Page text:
Spit-Roasted Whole Kid Goat – There is possibly no greater culinary spectacle than a whole animal turning on a spit over hot coals. Roasting the whole goat also makes it easy to feed a crowd. The flavors in this recipe are some of goat’s favorites: rosemary, garlic, and lemon. The garlic and rosemary are inserted into slits in the meat to infuse the whole goat with their flavors.
Grill-Roasted Boneless Leg of Goat - A leg of goat meets its destiny on the grill. Lacquered by fire, its affinity for the aromatics of forest herbs and garlic are enhanced. It is our opinion that goat should never be cooked past medium (150°F). Past that point it loses its moisture and succulence.
Rack of Goat with Mint Pesto Crust – Rack of goat can be grilled either by direct or indirect heat. Indirect heat is preferred when the goat is coated with delicate mixtures, such as the mint pesto crust in this recipe. Indirect cooking takes a bit longer, but requires less attention, as the likelihood of flare-ups is lessened.
Goat Shoulder Roast with Herbs and Black Olives – This is comfort food for when you have a couple hours to devote to roasting. The goat is seasoned at least 12 hours in advance to improve its flavor. It is cooked until well done to allow the connective tissue to soften and the fat to render, and then served with a pan sauce that includes vegetables, olives, and capers. Accompany the goat with polenta and a spoonful of the zesty sauce.
Gourmet Goat Burgers – Here is a unique twist for hamburgers for your family. Use grassfed ground goat for an interesting taste experience. This recipe should make some succulent goat-burger patties for you and your family to enjoy!
Barbecued Goat Shanks – Goat shanks are not for the dainty. Goat shanks are served whole, a leg on a plate – think cave cuisine! These shanks are permeated with North African spices; they radiate cinnamon, thyme, coriander and lemon – an exotic harmony.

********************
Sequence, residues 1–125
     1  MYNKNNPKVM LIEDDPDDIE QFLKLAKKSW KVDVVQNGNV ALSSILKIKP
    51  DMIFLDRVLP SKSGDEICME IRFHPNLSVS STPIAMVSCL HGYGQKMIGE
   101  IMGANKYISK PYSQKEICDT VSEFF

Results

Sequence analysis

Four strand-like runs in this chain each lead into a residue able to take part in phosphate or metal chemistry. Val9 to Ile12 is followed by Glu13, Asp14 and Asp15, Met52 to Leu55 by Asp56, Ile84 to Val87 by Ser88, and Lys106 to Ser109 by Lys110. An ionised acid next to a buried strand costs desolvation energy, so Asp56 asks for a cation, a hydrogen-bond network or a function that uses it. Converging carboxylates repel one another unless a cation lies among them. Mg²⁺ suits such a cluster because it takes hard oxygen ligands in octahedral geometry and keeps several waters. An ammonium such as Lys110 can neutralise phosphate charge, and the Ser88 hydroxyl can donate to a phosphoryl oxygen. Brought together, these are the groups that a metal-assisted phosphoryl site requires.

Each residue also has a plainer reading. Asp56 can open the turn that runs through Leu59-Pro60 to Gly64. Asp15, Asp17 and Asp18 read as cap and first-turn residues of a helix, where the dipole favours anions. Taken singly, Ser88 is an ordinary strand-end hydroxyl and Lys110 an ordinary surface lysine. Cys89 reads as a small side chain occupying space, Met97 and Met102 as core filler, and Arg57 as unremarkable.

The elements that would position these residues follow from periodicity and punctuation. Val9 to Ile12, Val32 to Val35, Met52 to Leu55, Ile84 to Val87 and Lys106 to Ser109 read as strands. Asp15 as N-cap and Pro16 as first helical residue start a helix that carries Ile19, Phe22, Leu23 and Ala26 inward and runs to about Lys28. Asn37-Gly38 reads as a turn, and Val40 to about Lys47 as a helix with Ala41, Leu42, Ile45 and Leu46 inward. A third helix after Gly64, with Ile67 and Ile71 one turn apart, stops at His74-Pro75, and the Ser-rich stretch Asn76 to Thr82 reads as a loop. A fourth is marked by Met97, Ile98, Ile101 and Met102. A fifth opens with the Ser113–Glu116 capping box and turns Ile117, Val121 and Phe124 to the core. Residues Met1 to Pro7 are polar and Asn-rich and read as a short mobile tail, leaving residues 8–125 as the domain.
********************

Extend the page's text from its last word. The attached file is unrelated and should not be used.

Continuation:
Goat Carnitas – This recipe combines the subtle perfume of bay leaves and cloves with the depth and spice of dried chiles. It’s a combination so compelling you’ll find yourself going back for more even after you are full!
Apricot – Honey Mustard Marinade – The crisp coating of this marinade keeps the goat succulent and juicy! Great on cuts of goat ranging from small loin chops to whole or butterflied leg of goat.
Veal Cutlets with Tarragon Cream Sauce – This quick, easy dinner-party dish is delicious served with buttered tagliatelle pasta and lightly steamed green vegetables.
Osso Bucco with Risotto Milanese – Osso Bucco, literally meaning bone with a hole, is a traditional Italian stew of veal, onions and leeks in white wine. Many versions also include tomatoes. Risotto Milanese is the classic Italian risotto and the classic accompaniment for osso bucco.
Stuffed Breast of Veal – Breast of veal is usually braised, but in this recipe, it is covered and steam-roasted in the oven, and then roasted uncovered until browned and tender, with the bones forming a natural roasting rack. Serve the veal hot as a main course with a little wholegrain mustard, or at room temperature with some Aioli or Salsa Verde.
Veal Loin Chops with Tarragon-Wine Sauce - Thick meaty veal loin chops are the equivalent of beef porterhouse or t-bone steaks and make an impressive main course. A basic sauce made from the pan drippings, white wine, and fresh tarragon complements the tender steaks. Veal loin chops are at their tender best when cooked only to medium-rare. Serve them with steamed basmati rice or mashed potatoes to soak up the sauce.
Veal Roast with a Mustard-Shallot Crust – A boneless veal roast is a tender cut that cooks to perfection in less than an hour. It requires little preparation, has only a thin layer of fat, is easy to carve, make an elegant main course. A coating of shallot, butter and mustard flavors the roast and the pan sauce. A little truffle oil adds a nice finishing touch.